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SQL and XQuery tutorial for IBM DB2, Part 2: Basic queries

The fundamentals of SQL queries

Pat Moffatt (pmoffatt@ca.ibm.com), Information Management Program Manager, IBM Academic Initiative, IBM
Pat Moffatt is the Information Management Program Manager for the IBM Academic Initiative. Through the Academic Initiative program, she ensures that appropriate Information Management resources are made available to help faculty integrate Information Management software into their curriculum. To learn more about this program, visit www.ibm.com/university/data.
Bruce Creighton (bcreight@ca.ibm.com), Skills Segment Planner, IBM
Bruce Creighton is a Skills Segment Planner in the Information Management Education Planning and Development department. In this role, he plans investment in educational content and balances the investment between areas where IBM can attain revenue and those where the requirement for skills development are important enough to provide free education.
Jessica Cao, Training Tools Developer, IBM
Jessica Cao is an Arts and Science and Computer Science student at McMaster University. She expects to complete her combined honours degree in April 2009. Jessica is working in IBM Toronto lab's DB2 Information Management Skills Channel Planning and Enablement Program to take advantage of her interest in programming, editing, and writing.

Summary:  Through a series of simple examples, this tutorial illustrates how to retrieve data from an IBM® DB2® database with standard SQL SELECT statements. This tutorial describes how to retrieve rows from a relational database table, retrieve specific columns, retrieve specific rows, reform logical operations on retrieved data, and use wildcard characters in search conditions. This tutorial is Part 2 of the SQL & XQuery tutorial for IBM DB2 series.

View more content in this series

Date:  03 Aug 2006
Level:  Introductory PDF:  A4 and Letter (97 KB | 25 pages)Get Adobe® Reader®

Activity:  39943 views
Comments:  

Using the Greater-Than (>) and Less-Than or Equal-To (<=) operators

Question

Which cities and districts are identified by Mktkey values that are greater than 4 and less than or equal to 12?

Example query

		SELECT mktkey, hq_city, hq_state, district
		FROM aroma.market
		WHERE mktkey > 4
			AND mktkey <= 12;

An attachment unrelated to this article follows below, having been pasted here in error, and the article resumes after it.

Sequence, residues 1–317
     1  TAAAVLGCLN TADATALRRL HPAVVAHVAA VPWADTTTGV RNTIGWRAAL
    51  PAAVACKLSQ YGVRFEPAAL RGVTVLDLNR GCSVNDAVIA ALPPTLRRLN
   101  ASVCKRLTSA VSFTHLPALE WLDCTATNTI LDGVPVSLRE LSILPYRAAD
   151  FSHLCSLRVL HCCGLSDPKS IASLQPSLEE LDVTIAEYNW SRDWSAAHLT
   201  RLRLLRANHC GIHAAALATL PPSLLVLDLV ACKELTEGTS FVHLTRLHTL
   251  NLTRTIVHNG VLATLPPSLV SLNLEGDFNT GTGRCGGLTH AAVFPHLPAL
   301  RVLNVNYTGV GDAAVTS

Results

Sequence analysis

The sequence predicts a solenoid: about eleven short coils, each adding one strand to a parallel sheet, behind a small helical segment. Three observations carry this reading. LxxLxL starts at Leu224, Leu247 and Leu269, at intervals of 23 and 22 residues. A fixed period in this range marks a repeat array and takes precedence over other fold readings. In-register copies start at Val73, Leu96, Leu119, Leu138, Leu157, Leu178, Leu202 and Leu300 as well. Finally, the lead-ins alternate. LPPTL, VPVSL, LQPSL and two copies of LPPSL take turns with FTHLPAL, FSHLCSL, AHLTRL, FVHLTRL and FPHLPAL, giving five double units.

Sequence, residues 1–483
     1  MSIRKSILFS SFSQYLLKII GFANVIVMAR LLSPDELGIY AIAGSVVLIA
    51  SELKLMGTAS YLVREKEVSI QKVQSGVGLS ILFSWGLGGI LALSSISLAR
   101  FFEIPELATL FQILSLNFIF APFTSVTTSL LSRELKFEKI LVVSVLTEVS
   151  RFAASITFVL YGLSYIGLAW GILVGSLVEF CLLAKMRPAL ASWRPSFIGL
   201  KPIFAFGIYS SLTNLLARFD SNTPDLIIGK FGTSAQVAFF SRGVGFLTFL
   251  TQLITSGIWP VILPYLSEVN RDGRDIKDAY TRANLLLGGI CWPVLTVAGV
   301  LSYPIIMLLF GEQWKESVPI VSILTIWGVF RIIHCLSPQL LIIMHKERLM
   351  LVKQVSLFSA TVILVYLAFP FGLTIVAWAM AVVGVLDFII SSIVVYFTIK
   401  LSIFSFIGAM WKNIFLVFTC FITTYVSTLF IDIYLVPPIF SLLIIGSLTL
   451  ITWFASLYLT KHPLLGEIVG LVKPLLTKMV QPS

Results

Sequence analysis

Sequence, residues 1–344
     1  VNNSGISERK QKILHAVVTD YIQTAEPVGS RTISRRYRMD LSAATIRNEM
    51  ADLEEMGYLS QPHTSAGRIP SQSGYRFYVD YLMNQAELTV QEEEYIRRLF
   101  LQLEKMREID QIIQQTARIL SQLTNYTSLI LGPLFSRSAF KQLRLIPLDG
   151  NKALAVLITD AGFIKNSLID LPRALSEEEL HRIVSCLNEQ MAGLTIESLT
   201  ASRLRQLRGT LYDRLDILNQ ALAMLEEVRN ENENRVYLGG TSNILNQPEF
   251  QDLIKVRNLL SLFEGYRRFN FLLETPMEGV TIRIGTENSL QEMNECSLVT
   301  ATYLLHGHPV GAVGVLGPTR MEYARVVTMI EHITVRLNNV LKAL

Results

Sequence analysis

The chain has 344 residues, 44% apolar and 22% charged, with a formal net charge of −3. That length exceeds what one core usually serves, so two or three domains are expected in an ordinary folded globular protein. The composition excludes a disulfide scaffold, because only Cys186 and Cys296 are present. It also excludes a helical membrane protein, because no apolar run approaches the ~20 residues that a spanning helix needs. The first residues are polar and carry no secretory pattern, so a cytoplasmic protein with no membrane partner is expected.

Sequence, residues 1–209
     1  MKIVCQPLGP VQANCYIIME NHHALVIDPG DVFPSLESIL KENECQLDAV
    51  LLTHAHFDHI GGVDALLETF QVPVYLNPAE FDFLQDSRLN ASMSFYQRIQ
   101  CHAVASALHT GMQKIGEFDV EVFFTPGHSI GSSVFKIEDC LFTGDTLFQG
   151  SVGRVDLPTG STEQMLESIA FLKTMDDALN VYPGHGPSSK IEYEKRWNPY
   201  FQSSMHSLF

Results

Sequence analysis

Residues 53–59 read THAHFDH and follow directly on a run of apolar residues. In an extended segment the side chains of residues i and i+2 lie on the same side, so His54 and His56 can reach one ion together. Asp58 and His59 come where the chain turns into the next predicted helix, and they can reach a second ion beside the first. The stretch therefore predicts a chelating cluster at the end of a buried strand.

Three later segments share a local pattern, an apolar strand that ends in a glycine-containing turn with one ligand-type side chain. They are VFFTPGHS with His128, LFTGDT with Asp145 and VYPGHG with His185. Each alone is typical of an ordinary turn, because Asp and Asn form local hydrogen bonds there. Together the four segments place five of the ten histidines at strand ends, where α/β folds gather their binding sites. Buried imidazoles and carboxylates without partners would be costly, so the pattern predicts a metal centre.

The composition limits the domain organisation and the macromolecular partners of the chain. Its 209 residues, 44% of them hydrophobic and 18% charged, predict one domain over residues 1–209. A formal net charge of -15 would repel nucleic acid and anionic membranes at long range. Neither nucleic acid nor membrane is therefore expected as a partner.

Result

MktkeyHq_CityHq_StateDistrict
5New YorkNYNew York
6PhiladelphiaPANew York
7BostonMABoston
8HartfordCTBoston
9ChicagoILChicago
10DetroitMIChicago
11MinneapolisMNMinneapolis
12MilwaukeeWIMinneapolis

Using comparison operators

Conditions evaluate to true or false and can be expressed with comparison operators or comparison predicates. SQL contains the following comparison operators:

OperatorName
=equal
<less than
>greater than
<>not equal
>=greater than or equal
<=less than or equal

About the query

The example query retrieves and displays all cities and districts whose Mktkey is greater than 4 but less than or equal to 12.

The Mktkey column contains integer values, which are comparable to other numeric values. If you compare an integer to a character, however, the server returns an error message:

        SELECT mktkey, hq_city, hq_state, district
        FROM aroma.market
        WHERE mktkey > '4';
        
        [IBM][CLI Driver][DB2/LINUX] SQL0401N  The data types of the operands 
        for the operation ">" are not compatible.  SQLSTATE=42818

You can obtain help interpreting error messages, and identifying corrective action that can be taken, by using the DB2 Information Center. The Center was introduced in Part 1 of this series.

Usage notes

Conditions must compare values of comparable data types. If you attempt to compare unlike data types, the server returns either an error message or an incorrect result. Comparison operators can be used to compare one character string with another, as the following legal condition illustrates:

(city > 'L')

For more information about comparable data types, refer to the SQL Reference Guide .

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